When a complaint was filed connected to the extortion charges last month, authorities said the charges were not the result of the Peru death.
"This was completely separate and before the girl was killed in Peru," Peggy Sanford, a spokeswoman for the U.S. Attorney's Office in Birmingham, told ABCNews.com last month. "This investigation had been going on. It was a complete coincidence and tragedy that the other woman was murdered."
In an interview obtained exclusively by "Good Morning America," van der Sloot's mother, Anita van der Sloot, said she would apologize to Flores' family.
"I hope that he gets a chance to talk with the parents of Stephany Flores, and that he can tell them what happened. And I apologize for them ... that he's my son. He's not a monster. He can be very gentle, but it could be that he has bipolar personality. I hope he gets the help," she said last month.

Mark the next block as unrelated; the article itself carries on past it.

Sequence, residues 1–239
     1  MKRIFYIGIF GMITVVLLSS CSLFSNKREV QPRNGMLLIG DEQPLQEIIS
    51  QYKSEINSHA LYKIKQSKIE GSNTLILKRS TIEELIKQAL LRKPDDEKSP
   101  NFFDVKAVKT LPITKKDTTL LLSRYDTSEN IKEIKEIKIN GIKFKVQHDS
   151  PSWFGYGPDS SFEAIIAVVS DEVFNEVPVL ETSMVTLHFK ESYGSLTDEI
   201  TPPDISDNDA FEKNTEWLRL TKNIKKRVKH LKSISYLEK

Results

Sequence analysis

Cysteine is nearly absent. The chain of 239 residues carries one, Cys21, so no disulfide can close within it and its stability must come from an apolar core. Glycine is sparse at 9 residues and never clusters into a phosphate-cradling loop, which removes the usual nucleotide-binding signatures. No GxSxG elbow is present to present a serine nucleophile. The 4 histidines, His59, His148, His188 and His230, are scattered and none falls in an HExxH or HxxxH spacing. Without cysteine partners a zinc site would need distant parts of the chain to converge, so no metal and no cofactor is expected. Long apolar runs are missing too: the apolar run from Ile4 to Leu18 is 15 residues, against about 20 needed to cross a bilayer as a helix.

Anita said her son was not supposed to go to Peru at all, but to a mental institution in the Netherlands for treatment.
"He left me a note. Like, 'Mommy, I love you but I don't want to go to the Netherlands. I'm invited to gamble in Peru and I can make money there and I want to stay there. Just far away. Nobody knows me there. I want to think what I want to do with my life.' So ... I was very angry," she told a Dutch television crew.
She was shocked when she learned that, while on his trip to Peru, her son had been accused of killing a young woman.
"I believe in karma, I believe that very strongly. I believe that if you do things that you shouldn't do, that a lot of s**t happens to you," she said. "He didn't want to listen to his parents. He didn't listen to me, this last time. I tried to do my best. I don't think I could have done more. He's considered an adult right now. He has to do whatever he needs to do, and that is tell the truth (about) what happened."
ABC News' Russell Goldman contributed to this report. Click here to return to the "Good Morning America" website.